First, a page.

THE CHOKE

Sofie La­guna Allen & Un­win; $32.99

The Monthly (Australia) - - VOX - HE­LEN EL­LIOTT

Un­less you’re Henry James you need a par­tic­u­lar con­fi­dence to cre­ate an adult work with a child nar­ra­tor. Sofie La­guna is some­thing of a spe­cial­ist in this area. The Eye of the Sheep, win­ner of the 2015 Miles Franklin Lit­er­ary Award, was nar­rated by an un­usual lit­tle boy called Jimmy find­ing his way through a pre­car­i­ous life. The Choke fea­tures a young nar­ra­tor called Jus­tine find­ing her way past an in­her­i­tance of bru­tal­ity and loss.

It’s the 1970s and Jus­tine lives in a clapped-out house by the Mur­ray River where the banks swerve to­gether and the wa­ter some­times rushes wildly. This men­ac­ing part of the river is called The Choke and Jus­tine has dreams about it. She un­der­stands that the wa­ter passes through The Choke and flows on and out to the sea. Jus­tine lives with her two hor­ri­ble half­broth­ers un­der the pro­tec­tion of her grand­fa­ther. Pop, a vet­eran of the Burma Rail­way, con­sid­ers the near­est town to be be­hind en­emy lines and con­verses with his long-dead wife. Jus­tine’s mother cleared out long ago, and her lady-killer fa­ther drops by only when he wants refuge from his wide-rang­ing crim­i­nal ac­tiv­i­ties. On one of these vis­its he teaches his daugh­ter to shoot. The fu­ture for nine-year-old Jus­tine looks as brutish as her present.

At school she is con­sid­ered dumb and smelly, al­though she man­ages to make a close friend of a clever boy with cere­bral palsy. And, just as Jimmy found so­lace in the warmth of a dog, Jus­tine loves the pretty chooks, the Isa Browns that lay all year round and are kept well guarded by a fierce rooster. Her fa­ther’s sis­ter has es­caped the fam­ily and, over sev­eral years, Jus­tine puts all her fan­tas­ti­cal hope of res­cue in her aunt. Jus­tine, sweet­na­tured, yearn­ing to be loved, is un­aware that she is stun­ning. Ev­ery­one no­tices, es­pe­cially the males – and some of her rel­a­tives and neigh­bours hate her for it.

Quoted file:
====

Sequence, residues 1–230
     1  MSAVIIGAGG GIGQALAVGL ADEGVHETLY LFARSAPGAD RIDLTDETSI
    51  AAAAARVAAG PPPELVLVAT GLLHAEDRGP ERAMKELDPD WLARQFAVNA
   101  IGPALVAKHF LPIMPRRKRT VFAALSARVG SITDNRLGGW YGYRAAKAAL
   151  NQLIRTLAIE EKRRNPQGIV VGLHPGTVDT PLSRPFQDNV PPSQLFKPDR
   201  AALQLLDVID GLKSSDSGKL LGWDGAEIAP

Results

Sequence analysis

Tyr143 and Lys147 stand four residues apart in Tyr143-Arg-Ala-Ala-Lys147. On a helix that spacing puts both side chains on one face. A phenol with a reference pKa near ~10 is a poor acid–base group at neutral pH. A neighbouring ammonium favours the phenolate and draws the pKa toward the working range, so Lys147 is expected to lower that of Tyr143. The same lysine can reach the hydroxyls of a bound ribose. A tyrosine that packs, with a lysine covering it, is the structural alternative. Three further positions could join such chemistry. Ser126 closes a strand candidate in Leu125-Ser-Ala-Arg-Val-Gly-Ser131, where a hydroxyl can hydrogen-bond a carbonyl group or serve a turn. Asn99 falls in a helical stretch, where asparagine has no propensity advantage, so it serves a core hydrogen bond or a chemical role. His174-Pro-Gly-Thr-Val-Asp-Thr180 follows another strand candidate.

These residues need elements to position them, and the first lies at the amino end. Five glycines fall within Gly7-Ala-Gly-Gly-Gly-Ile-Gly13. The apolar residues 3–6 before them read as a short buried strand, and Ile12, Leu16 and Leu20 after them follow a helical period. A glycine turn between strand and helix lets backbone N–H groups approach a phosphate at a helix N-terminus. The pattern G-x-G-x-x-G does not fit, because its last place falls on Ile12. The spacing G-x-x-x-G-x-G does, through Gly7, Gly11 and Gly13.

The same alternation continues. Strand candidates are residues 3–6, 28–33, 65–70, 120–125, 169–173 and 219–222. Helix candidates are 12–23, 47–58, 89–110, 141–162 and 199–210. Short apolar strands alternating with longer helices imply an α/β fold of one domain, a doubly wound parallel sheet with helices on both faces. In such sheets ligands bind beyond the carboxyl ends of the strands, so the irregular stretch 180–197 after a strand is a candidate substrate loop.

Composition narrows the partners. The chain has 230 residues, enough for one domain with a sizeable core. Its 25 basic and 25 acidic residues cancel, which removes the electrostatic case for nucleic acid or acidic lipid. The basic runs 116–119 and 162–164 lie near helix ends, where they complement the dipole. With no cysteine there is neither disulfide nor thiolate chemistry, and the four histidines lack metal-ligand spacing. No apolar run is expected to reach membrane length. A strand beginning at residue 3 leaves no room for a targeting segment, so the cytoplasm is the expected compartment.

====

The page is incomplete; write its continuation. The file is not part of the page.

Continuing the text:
La­guna has a knack for set­ting night­mar­ish scenes filled with de­mon-like char­ac­ters – or maybe just Aus­tralian hill­bil­lies? – and then set­tling her at­ten­tion on the meek in­no­cent whom we cheer on to es­cape. This is won­der­fully ef­fec­tive in nov­els for young adults be­cause the drama of es­cape is com­pelling and read­ers have in­stant emo­tional iden­ti­fi­ca­tion with the cen­tral char­ac­ter. YA read­ers love and need ev­ery ver­sion of It Was A Dark and Stormy Night. In the arts, said Henry James, feel­ing is mean­ing. Yes, and adult read­ers also want to feel, but hav­ing come through end­less dark and stormy nights they re­quire so­phis­ti­ca­tion of thought, psy­cho­log­i­cal nu­ance and com­plex ob­ser­va­tions rather than a se­ries of in­ci­dents and sign­posts.

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